I've just sent the best phone I ever had off to be reused or recycled.
It's time had come, and whilst it was still serving very well, a free upgrade when renewing my contract sealed its fate.
But in an age of Android and iPhones, the fact that the best phone I've ever owned was a Nokia will probably surprise many.
To be specific, it was the Nokia E90 - the last of the venerable Communicator line.
It had its faults, and I'll address those first:
- It was huge. And I do mean massive. Not as big as its brick-like predecessors in the Communicator range, but it was not small.
- No touch screen. It had a bright and decent screen when unfolded, but most of the time you had a fairly small screen above a keypad to use.
- Although it was a smartphone, there wasn't much software for it.
- Out of the box, it's wi-fi handling was woeful.
But for me, all that was outweighed by the positives...
- It was built superbly. After nearly four years of daily use, and one total immersion incident, it was still going strong - and showing few signs of wear and tear.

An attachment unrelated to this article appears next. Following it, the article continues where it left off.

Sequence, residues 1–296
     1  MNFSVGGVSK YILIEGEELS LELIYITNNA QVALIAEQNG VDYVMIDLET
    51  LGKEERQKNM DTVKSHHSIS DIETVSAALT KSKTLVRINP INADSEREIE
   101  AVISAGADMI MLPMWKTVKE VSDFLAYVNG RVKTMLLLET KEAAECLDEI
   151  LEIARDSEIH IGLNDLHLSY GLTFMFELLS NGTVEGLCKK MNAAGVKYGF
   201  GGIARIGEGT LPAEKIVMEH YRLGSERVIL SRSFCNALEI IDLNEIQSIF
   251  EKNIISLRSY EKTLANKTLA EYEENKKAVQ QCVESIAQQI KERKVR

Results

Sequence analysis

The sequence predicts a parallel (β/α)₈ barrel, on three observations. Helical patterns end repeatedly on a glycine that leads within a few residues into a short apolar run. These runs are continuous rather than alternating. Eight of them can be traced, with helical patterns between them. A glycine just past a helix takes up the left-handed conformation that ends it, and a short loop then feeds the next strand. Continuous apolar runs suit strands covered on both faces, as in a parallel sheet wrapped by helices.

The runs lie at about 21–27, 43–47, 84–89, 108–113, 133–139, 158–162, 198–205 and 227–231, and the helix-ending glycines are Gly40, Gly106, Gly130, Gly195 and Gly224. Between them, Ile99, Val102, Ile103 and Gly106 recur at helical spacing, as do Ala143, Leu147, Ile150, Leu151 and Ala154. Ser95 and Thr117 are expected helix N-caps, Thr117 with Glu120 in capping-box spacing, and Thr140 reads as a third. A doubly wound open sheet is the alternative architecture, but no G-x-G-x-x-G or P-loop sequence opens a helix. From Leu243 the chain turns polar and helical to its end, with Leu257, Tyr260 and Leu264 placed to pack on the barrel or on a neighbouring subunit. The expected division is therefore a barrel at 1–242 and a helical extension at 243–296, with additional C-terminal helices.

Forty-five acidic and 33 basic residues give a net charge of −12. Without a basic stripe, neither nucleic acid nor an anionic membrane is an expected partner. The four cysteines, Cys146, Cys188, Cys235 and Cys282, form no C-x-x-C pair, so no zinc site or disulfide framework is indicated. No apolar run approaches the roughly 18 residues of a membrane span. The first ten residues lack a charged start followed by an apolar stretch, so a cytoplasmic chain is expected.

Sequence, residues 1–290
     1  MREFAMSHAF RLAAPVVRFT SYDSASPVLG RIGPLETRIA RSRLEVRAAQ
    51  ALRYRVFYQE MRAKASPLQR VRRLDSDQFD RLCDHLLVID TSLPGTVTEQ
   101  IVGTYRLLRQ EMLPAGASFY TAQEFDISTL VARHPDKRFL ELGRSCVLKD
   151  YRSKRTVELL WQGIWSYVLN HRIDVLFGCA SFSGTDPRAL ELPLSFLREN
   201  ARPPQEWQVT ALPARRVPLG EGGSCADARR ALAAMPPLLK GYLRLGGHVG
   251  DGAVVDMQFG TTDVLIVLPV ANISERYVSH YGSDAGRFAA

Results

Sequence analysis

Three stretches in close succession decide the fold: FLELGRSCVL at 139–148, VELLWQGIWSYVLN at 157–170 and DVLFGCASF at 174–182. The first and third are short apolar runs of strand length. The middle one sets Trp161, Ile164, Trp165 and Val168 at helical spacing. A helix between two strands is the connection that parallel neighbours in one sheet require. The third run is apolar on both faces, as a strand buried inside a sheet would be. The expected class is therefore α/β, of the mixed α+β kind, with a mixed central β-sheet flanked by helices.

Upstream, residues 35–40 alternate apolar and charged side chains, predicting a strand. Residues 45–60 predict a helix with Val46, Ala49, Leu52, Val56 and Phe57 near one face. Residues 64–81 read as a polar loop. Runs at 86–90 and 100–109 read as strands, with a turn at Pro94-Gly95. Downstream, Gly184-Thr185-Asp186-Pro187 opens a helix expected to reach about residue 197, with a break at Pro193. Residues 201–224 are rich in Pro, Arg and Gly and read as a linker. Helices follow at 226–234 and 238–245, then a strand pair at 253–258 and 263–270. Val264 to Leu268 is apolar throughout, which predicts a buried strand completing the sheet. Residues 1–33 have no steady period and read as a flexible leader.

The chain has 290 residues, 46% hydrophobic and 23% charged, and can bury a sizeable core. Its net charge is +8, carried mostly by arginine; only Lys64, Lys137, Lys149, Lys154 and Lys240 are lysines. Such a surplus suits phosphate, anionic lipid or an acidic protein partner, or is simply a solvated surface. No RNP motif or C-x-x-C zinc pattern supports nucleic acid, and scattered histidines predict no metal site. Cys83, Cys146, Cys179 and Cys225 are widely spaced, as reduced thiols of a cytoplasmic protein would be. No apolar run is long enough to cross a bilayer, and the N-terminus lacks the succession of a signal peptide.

- The battery life was measured in days, not hours. And that's days of usage.
- The software I did find was great. From ProfiMail to Gravity to Handy Profiles. The software was well designed, stable and reliable.
- It did everything I needed to, quickly and efficiently.
Of course, as a geek, I had the phone tricked out. It's important to realise that a stock E90 couldn't have been my best phone, just like an empty Android or iPhone couldn't for many people either. These days, the software maketh the phone, and that's why we have App Stores...
My E90 was improved immeasurably with Psiloc Connect handling the network connections. In many ways, Psiloc Connect was the single best improvement I ever made to the phone, because the default wi-fi handling was so bad! Profimail replaced the mail client, and Gravity was my Twitter/Facebook client - and was so good many clients on other platforms could learn from it! Handy Profiles, Handy Calendar and Handy Taskman kept my life in order.
That whole arrangement of software was very quickly settled on, and served well for almost four years.
Four years. Which means that more than once, I could have upgraded, but felt no need to. Quite a compliment, I'd say.
But Symbian is dead, the world has moved on, and as this upgrade window approached, I felt it wise to have a look around.
I've settled on an HTC Desire Z.
Why isn't the Desire Z the best phone I've ever owned?
It just might be. I'm certainly finding it excellent so far.
But I think it would be premature to declare it so when I've barely begun to live with it...